By Cheryl Costello
A piece of modern sailing history will be on display on the Bay this month. The 58-foot racing yacht Maiden and her skipper are making their way up the U.S. East Coast right now on a world tour.
Maiden was the first Whitbread Round the World Race boat to carry an all-female crew. Skipper Tracy Edwards is now leading a new crew on a mission to show young girls they can break through any conventional barrier.
We caught up with the Maiden crew in Charleston, S.C., where they’re waiting to set sail for the next leg of their tour—Annapolis.
On a FaceTime call, Maiden Factor Community Coordinator Louise Brown showed off the gleaming hull of the 1979 racing yacht. In 1989-1990, Edwards skippered the 58-footer in the race.
She had to fight just to get the spot. “She wasn’t accepted as a sailor being a woman on a crew. All she was ever going to get to do on a boat was being a cook. And she had actually done the race as a cook,” says Brown.
Then Edwards found a sponsor who believed in her. “They had so little money and then King Hussein [of Jordan] stepped in and sponsored, with his airlines, Jordanian Airlines,” Brown explains.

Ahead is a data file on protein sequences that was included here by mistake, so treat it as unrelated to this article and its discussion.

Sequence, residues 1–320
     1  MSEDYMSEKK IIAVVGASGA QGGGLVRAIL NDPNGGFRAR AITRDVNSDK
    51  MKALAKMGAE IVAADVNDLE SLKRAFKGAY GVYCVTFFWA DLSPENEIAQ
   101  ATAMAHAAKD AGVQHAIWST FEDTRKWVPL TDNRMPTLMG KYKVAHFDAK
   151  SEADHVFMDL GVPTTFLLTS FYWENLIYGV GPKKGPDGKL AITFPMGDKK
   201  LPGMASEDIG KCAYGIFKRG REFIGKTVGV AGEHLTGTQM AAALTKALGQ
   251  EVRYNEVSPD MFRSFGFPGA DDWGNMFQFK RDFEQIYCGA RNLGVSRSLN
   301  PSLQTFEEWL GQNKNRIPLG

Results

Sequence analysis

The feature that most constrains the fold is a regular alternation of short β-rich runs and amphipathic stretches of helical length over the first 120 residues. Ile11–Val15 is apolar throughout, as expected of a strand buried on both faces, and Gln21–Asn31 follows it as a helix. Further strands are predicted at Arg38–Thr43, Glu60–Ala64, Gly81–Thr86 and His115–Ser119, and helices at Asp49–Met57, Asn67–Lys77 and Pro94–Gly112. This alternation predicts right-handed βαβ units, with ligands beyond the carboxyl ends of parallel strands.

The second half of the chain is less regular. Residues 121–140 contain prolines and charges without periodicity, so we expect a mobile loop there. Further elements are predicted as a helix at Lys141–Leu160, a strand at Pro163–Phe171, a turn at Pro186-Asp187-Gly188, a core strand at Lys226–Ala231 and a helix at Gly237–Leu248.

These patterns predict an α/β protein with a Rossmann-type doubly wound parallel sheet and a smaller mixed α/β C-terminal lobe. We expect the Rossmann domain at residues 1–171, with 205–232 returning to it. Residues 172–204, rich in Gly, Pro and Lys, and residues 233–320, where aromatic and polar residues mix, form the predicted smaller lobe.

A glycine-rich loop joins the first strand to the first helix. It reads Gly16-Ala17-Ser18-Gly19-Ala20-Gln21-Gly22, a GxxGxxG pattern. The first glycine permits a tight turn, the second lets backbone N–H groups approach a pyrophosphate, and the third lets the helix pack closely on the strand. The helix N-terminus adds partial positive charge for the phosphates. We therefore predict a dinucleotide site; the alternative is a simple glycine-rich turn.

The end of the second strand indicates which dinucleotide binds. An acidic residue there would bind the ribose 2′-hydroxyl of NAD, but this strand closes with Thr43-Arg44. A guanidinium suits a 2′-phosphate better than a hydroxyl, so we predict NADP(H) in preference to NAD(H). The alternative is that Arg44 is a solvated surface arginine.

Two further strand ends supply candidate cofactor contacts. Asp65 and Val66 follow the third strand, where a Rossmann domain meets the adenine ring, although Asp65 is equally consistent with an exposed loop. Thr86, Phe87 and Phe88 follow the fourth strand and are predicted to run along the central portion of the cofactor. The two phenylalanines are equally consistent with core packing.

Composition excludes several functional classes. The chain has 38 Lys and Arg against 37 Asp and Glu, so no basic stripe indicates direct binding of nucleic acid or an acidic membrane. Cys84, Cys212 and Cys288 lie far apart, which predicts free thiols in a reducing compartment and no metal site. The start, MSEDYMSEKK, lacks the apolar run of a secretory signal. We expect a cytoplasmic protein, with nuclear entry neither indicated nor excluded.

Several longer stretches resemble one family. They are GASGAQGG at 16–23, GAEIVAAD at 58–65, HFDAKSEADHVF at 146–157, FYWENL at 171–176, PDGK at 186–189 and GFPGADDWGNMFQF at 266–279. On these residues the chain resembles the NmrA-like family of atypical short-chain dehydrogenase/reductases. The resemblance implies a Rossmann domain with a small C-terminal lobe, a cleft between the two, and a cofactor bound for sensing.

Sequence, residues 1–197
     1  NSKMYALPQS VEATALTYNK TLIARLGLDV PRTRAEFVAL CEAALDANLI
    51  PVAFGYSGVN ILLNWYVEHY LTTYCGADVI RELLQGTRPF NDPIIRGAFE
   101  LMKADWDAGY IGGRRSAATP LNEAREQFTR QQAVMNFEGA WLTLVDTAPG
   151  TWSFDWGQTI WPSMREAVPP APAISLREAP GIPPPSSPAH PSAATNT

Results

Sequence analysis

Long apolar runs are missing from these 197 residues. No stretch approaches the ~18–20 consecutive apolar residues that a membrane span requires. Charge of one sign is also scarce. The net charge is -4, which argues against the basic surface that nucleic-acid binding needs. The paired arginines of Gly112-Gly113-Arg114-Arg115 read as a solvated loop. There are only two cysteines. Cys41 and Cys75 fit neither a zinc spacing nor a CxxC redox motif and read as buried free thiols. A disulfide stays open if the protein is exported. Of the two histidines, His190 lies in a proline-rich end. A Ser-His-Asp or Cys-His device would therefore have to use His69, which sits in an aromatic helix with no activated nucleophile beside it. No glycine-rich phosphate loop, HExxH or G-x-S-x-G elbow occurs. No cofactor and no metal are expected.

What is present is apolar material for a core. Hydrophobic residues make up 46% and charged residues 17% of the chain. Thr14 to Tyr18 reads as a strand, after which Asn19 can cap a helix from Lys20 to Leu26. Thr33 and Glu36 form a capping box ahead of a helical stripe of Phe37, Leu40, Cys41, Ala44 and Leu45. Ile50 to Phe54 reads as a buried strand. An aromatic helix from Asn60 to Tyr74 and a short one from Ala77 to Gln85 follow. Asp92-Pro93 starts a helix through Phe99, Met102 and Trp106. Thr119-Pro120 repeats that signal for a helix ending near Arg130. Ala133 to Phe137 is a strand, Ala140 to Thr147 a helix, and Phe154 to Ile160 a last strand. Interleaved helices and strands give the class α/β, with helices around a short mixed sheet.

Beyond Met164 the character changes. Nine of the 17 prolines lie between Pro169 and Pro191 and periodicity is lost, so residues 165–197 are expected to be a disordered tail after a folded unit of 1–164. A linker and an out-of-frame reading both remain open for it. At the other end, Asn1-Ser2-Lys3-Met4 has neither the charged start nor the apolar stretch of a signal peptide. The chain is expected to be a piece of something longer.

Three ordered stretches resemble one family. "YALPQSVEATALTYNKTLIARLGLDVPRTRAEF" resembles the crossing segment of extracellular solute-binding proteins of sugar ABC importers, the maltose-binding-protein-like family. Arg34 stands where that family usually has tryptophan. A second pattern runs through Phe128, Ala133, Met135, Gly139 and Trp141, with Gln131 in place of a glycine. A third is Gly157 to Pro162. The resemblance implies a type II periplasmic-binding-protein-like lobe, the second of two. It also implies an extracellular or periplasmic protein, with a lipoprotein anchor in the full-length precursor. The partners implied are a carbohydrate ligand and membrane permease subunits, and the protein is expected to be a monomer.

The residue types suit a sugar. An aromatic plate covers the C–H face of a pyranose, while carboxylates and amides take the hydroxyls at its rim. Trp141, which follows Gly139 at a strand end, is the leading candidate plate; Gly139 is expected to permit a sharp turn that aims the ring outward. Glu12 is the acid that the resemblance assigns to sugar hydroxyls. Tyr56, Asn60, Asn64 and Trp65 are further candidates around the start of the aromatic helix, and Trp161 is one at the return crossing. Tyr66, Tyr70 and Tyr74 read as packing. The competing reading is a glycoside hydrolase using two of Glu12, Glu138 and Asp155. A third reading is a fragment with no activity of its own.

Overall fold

Maiden’s hull bears a quote from Hussein: “With Faith, Honour, and Courage, Anything is Possible.”
Edwards assembled a 12-person crew of all women, racing for seven months, sailing nearly 33,000 miles. The story was featured in a documentary after Edwards won two of the toughest legs on the course and came in second overall.
Then, the triumphant sailing yacht slipped into obscurity. “After the race, it was sold because what Tracy had done was she mortgaged her flat to buy the boat and then she mortgaged the boat to do the refit. So the only way she could pay everything back was to sell the boat.”
Maiden ended up in a marina in the Seychelles in Africa, “basically left to rot,” says Brown.
But Edwards and her daughter raised money and brought Maiden back to life in 2016. It was relaunched and began to travel the world in 2018, this time with a new crew as a charity known as the Maiden Factor.
“All of us on board hope to deliver the message that it’s very possible for girls to be in the industry and have these positions,” says crew member Marie Ostrand.
“I hope they walk away believing in themselves a little bit more and believing that they are good enough and can do what they want to do,” says Brown.
Maiden will arrive at City Dock in Annapolis at 11 a.m. on May 17, when the crew will have schools and other organizations come to visit. Track Maiden and learn more about the Maiden Factor at themaidenfactor.org.